The deeply unsettling relationship between Darlene and Wyatt gains another level in what is basically a confession scene, as Wyatt tells her about how Ruth revealed that she killed Wyatt’s dad. And Darlene tells her new love about how she killed her last husband, Jacob, but she does so in a way that casts Marty as the real villain. Marty is the one who turned Darlene and Ruth into murderers. She claims that he’s the bad influence, never really sensing the irony of how she’s influencing Wyatt. Poor Wyatt, always surrounded by murderers.
Also, poor Sue! The therapist who was getting bribed by the Byrdes and then demanded even more money to stay quiet really never comprehended the extent of her situation. She even has the nerve to tell Helen Pierce that she wants more money. “I’ll make sure you’re taken care of,” says Helen, in a way that couldn’t sound more ominous. It’s not long before Helen’s lackey has killed Sue and wiped the Byrde data from her computer.
As that’s happening, Ruth is waking up. Ben is by her side, but Ruth lies to him, telling him she’s not sure if it was Frank. She probably knows that Ben would kill him. And she wants that to be Marty’s job. She basically says as much to Marty and Wendy, who try to talk her out of it. She claims she’ll do it herself. Ruth isn’t that wrong here. If Frank Jr. had beat up Charlotte Byrde, he’d already be dead.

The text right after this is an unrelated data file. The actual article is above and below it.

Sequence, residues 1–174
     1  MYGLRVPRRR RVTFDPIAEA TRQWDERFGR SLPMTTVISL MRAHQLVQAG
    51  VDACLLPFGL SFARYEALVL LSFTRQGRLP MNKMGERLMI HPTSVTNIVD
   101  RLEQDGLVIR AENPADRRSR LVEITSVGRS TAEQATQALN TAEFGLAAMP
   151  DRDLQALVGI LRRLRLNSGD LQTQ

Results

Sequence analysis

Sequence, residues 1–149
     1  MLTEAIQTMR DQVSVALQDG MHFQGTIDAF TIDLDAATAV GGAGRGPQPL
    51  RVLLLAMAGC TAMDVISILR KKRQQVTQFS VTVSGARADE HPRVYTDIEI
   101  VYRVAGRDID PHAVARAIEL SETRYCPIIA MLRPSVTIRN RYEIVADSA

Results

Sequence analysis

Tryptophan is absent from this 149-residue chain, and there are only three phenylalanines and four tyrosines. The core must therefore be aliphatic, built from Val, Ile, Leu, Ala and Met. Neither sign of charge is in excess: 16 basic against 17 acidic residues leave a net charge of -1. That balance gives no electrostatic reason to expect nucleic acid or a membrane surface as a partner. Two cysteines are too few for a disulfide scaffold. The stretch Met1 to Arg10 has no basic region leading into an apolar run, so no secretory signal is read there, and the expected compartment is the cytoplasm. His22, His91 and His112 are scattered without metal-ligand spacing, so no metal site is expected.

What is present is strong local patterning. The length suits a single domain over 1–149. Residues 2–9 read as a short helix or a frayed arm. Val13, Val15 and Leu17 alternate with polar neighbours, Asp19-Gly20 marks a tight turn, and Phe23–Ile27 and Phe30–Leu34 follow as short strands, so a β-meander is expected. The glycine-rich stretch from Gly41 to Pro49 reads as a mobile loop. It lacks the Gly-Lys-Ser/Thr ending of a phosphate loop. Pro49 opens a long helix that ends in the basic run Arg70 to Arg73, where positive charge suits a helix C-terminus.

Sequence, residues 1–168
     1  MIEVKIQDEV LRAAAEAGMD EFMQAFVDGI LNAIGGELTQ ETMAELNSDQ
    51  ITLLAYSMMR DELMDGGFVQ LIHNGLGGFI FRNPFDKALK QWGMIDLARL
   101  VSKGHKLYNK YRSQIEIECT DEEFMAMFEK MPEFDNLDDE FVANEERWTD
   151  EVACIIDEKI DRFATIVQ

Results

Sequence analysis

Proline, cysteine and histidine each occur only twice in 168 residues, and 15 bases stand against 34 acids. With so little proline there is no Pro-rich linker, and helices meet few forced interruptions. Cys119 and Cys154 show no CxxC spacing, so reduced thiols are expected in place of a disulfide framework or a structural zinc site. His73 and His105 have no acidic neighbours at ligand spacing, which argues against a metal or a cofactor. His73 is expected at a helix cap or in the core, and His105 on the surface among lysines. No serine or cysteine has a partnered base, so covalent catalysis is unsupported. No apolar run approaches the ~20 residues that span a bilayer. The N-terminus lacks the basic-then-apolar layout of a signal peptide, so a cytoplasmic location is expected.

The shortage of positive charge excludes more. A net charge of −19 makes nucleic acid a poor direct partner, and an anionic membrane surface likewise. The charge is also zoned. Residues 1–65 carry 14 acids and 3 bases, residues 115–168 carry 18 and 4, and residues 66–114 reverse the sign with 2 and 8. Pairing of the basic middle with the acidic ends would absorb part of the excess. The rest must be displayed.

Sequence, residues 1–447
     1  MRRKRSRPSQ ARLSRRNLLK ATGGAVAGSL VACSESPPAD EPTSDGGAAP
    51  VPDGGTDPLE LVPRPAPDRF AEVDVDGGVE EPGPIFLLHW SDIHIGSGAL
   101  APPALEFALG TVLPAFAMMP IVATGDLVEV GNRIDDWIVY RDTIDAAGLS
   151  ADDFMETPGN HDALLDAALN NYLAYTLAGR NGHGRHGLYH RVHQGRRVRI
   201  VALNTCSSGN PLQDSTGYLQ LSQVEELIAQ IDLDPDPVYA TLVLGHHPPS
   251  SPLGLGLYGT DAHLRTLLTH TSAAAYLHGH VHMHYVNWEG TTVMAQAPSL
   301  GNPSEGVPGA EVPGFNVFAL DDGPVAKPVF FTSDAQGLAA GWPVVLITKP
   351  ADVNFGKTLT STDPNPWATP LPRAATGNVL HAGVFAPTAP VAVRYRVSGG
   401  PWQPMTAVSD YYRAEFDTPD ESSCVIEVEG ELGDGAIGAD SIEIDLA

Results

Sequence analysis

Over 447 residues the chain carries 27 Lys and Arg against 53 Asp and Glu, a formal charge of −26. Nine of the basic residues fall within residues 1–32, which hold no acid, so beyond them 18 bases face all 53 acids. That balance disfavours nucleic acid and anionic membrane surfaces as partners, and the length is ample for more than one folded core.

As Ben is literally carrying Ruth home, Wyatt comes to her trailer. “Who did this Ruth?,” he asks. She pauses, much like she did in the hospital room with Ben, as if she knows she could turn him into an assassin. “Who we are ain’t so bad. It’s the Byrdes that cursed everything,” he tells her. Has this whole episode been about planting the seed of potential dissent in Ruth Langmore? And did it work?
• Frank Jackson’s therapy scene was great. Why not get a little bit of help before you commit a murder?
• Speaking of Sue, you have to love the sports car scene. “Please get back in the toy and leave” is one of the best lines of the year.
• With only three episodes left, there’s been a surprising lack of carnage. No, Tommy doesn’t count. But it still feels like anybody could be on the chopping block.